* Black cumin (Nigella sativa). Constituents in the oil and seeds – in particular, thymoquinine (TQ) – have shown potent anti-inflammatory effects in conditions such as arthritis (Int Immunopharmacol, 2005; 5: 1749-70).
Suggested dosage: 1 tsp/day of black cumin seed oil with meals.
* Omega-3 fatty acids. A review of the literature (randomised con-trolled trials) has shown that dietary supplementation with omega-3s such as fish oils brings “modest symptomatic benefit” to rheumatoid arthritis patients (Semin Arthritis Rheum, 2005; 35: 77-94).
Suggested dosage: at least 3 g/ day of eicosapentaenoic acid (EPA) plus docosahexaenoic acid (DHA).
* Meta050. In an eight-week, open-label, observational trial, this standardised combination of reduced iso-alpha-acids from hops, rosemary extract and oleanolic acid significantly relieved pain (by 40-50 per cent) in patients with arthritis (Phytother Res, 2005; 19: 864-9).
Suggested dosage: the trial used 440 mg of Meta050 three times a day for four weeks, followed by 880 mg twice a day for a further four weeks.
* Ginger (Zingiber officinale). This traditional herbal remedy has properties similar to those of non-steroidal anti-inflammatory drugs (NSAIDs), including interfering with the pathway that leads to chronic inflammation (J Med Food, 2005; 8: 125-32).
Suggested dosage: 2-4 g/day of fresh ginger juice, extract or tea. You can also rub ginger oil directly onto a painful joint, or make a warm poultice or compress of fresh ginger root and apply it to any painful areas.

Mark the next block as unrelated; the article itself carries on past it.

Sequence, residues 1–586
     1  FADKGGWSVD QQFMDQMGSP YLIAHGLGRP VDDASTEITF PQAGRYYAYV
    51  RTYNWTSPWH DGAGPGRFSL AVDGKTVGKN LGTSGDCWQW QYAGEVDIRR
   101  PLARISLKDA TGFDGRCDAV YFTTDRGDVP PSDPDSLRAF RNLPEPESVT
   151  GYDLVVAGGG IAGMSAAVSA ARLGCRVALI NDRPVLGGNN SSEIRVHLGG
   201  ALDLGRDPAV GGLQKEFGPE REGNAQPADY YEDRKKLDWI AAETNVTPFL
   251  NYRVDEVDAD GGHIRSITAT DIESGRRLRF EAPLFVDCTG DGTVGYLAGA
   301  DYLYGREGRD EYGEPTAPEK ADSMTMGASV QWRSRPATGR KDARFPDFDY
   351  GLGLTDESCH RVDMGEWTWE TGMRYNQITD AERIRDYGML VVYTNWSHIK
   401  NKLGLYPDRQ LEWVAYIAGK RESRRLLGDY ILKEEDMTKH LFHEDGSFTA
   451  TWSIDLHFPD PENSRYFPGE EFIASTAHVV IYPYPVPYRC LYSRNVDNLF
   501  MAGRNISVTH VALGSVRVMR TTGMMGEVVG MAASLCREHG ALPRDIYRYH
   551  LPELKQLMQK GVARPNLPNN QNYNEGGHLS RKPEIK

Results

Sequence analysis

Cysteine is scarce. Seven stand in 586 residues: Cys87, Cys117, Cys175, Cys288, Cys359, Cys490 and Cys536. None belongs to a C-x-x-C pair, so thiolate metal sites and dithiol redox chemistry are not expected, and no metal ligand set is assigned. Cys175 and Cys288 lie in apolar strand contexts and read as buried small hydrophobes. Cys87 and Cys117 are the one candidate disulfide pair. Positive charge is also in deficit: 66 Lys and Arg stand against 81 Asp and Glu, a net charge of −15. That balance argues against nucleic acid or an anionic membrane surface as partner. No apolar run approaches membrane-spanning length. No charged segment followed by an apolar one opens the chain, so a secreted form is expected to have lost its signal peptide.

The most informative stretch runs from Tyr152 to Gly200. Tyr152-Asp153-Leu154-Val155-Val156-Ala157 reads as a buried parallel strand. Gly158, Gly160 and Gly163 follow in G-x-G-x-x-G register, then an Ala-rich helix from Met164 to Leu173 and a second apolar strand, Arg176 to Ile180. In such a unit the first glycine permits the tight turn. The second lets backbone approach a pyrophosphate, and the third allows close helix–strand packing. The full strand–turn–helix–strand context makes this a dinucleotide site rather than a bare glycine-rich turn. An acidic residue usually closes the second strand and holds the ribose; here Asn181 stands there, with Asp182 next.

* Devil’s claw (Harpagophytum procumbens, H. radix). Although the scientific evidence is mixed, a review including five randomised controlled trials showed that H. procumbens as a powder (containing 60 mg of the harpagoside) was moderately effective in relieving osteoarthritis of the spine, hip and knee (BMC Complement Alt Med, 2004; 4: 13).
Suggested dosage: 750 mg with at least 3 per cent harpagoside three times a day (or the equiva-lent of 9 g of crude plant material over at least two to three months).
* Spa therapy (balneotherapy). Bathing in mineral waters such as the Dead Sea or in thermal waters at temperatures of about 34º C can significantly relieve arthritis pain (Isr Med Assoc J, 2001; 3: 147-50).
* Chinese herbal medicine. Lei gong teng (thunder god vine or ‘three-wing nut’; Tripterygium wilfordii Hook) works against rheumatoid arthritis by inhibiting proinflammatory agents such as tumour necrosis factor (TNF)-alpha and cyclooxygenase (COX)-2 (Semin Arthritis Rheum, 2005; 34: 773-84).
Suggested dosage: 180-360 mg/day.